Communication Process and Learning
1a ii). Explain what Models of Communication are; their advantages and Disadvantages.
1.4 Models of communication
A model is a consciously simplified description in the graphic form of a piece of reality that seeks to show the main elements of any structure or process and the relationships between them.
1.4.1 Advantages of using models in explaining concepts
Models have the following advantages when used to explain concepts:
- Models have an organizing function by ordering and relating systems to each other and by providing us with images of holes that might otherwise not perceive
- Models help in explaining by providing in a simplified way information which would otherwise be complicated and ambiguous
- Models make it possible to predict outcomes
- Models aid in the discovery of new facts about any concept i.e. they serve a heuristic function
1.4.2 Disadvantages of using models in explaining concepts
Models have the following disadvantages when used to explain concepts:
- They tend to limit users within confines
- They tend to represent communication as a one-way process, thus denying circularity, negotiability, and openness of communication
- Models are inevitably incomplete, oversimplified or involve some concealed assumptions
1.4.3 Examples of models of communication
Communication is based on the relationship between two parties whereby through common understanding and acceptance an exchange of various human elements are experienced. There are various models that attempt to explain the concept communication.
18.104.22.168. Lasswell’s Formula (1948)
Harold Lasswell came up with the Lasswell’s formula which takes the form of a statement “ WHO says WHAT, in which CHANNEL to WHOM and with what EFFECTS. IN the statement WHO refers to the source of the signals, WHAT refers to the message being passed, CHANNEL, refers to the means or media through which the message is passed, WHOM refers to the receivers of the message and EFFECTS refer to the impact of message.
The Lasswell’s model is similar to what Aristotle proposed over 2300 years ago.
The Lasswell’s model implies that communication is a persuasive process. It also assumes that messages always have effects and was therefore ideal as a propaganda tool during the post World War II era. The model has no feedback and is linear.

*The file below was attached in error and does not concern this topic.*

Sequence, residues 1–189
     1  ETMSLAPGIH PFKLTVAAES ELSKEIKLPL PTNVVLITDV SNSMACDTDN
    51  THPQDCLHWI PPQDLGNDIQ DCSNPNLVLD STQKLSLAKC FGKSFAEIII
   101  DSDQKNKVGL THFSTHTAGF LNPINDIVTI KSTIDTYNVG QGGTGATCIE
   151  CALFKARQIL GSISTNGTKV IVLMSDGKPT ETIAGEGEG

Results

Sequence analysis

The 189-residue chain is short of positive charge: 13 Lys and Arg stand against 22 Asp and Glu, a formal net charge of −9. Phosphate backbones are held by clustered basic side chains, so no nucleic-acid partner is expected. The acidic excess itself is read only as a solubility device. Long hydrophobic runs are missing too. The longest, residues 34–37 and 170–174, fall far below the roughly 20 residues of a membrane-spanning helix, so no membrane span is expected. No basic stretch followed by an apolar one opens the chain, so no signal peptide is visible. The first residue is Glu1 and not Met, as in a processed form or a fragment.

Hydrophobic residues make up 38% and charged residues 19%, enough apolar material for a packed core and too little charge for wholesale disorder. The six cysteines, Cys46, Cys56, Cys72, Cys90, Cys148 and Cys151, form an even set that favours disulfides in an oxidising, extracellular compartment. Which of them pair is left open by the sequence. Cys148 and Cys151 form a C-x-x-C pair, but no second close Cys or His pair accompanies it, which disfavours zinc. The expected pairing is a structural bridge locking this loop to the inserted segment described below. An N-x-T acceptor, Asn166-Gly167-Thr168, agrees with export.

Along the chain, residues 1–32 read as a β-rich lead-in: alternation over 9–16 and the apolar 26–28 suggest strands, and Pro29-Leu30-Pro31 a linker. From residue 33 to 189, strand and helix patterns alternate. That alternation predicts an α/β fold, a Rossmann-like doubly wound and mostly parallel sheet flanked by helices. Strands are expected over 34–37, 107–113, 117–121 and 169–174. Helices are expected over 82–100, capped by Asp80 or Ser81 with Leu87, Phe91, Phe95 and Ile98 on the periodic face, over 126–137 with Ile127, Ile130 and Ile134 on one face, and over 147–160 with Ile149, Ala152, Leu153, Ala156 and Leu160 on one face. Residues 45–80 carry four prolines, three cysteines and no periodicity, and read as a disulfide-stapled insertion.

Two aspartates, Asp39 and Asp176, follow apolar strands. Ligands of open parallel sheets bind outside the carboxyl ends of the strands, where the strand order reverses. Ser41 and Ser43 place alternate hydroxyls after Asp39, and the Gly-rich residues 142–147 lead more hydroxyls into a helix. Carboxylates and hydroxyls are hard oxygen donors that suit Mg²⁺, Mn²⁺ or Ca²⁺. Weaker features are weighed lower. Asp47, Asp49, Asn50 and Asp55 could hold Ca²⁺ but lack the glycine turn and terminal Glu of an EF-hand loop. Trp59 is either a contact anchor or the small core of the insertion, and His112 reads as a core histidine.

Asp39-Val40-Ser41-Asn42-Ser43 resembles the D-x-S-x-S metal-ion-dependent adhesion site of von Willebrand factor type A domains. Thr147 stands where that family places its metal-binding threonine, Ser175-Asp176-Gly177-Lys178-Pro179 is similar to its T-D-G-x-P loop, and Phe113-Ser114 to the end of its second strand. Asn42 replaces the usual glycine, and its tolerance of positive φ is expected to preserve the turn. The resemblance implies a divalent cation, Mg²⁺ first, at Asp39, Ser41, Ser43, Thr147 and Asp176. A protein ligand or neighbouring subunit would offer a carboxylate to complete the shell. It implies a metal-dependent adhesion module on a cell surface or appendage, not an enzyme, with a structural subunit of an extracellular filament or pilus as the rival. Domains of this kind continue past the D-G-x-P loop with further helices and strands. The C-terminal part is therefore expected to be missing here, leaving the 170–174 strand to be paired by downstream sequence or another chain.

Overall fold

Braddock ( 1958) improved lasswell’s model by asking “ Under what circumstances” and “For what purpose” is the communication taking place.
22.214.171.124 Claude Shannon and Warren Weaver’s (1949)
The machine technologies and telecommunications systems developed during the 1940’s led to the mathematical model by Shannon and Weave that were designed to provide precise description of the mechanics of transmitting a message, without regard to the content or meaning of the message. Shannon worked for the Bell Telephone Laboratory and his theories and model relate primarily to this field by asking “How much of the transmitted message will be destroyed by noise between the transmitter and the receiver.” The model is linear and is one way. Noise in this context defined as anything that reduces the clarity or accuracy of the message as it moves from the source to the receiver via the transmitter. The noise distorts the message.
126.96.36.199 C.E Osgood and Wilbur Schramm (1954)
The model by Osgood and Schramm put communication in the human context and focused on the meaning of a message as a vital aspect of the process. This is a circular model that concentrates on the behavior of the main actors i.e. the sender and the receiver. The sender and the receiver exchange roles as the communication process goes on. The two skills of visual literacy are in use namely encoding and decoding. Encoding involves creating a verbal signal out of a visual image while decoding involves forming a visual image out of a verbal signal. Interpretation by the sender involves organizing further messages in light of the feedback received while interpretation by the receiver involves digesting the message and organizing the feedback.
Schramm remarked “We are little switchboard centers handling and rerouting the great endless current of information”
188.8.131.52 David Berlo
David Berlo’s model emphasizes the psychological nature of communication in respect of how it affects both the sender and the receiver in a communication transaction. The model is commonly known as the S-M-C-R model of communication. The components of this model are explains follows:
S- Stands for Source which must have the following attributes. The source must have communication skills, have favorable attitudes towards the receiver, must be knowledgeable and operate within some acceptable socio-cultural context.
M- Stands for message. This is content which must be coded and treated properly.
C- Stands for channel which corresponds to the five senses namely seeing, hearing, touching, smelling and tasting.
R -Stands for Receiver, who must have attributes similar to the source.
184.108.40.206 Tubbs and Moss (1994)
They presented a version of the transactional model. In this model, communication occurs when two or more individuals send messages to one another and receive the message from one another using one or more channels. The messages are subject to distortion. Filters in the sender (e.g inadequate vocabulary, lack of organization or clarity, biases) distort a message as it is sent. Filters and the receiver (e.g. Fatigue, daydreaming limited knowledge about the topic) distort a message as it is received. Other notable models have been advanced by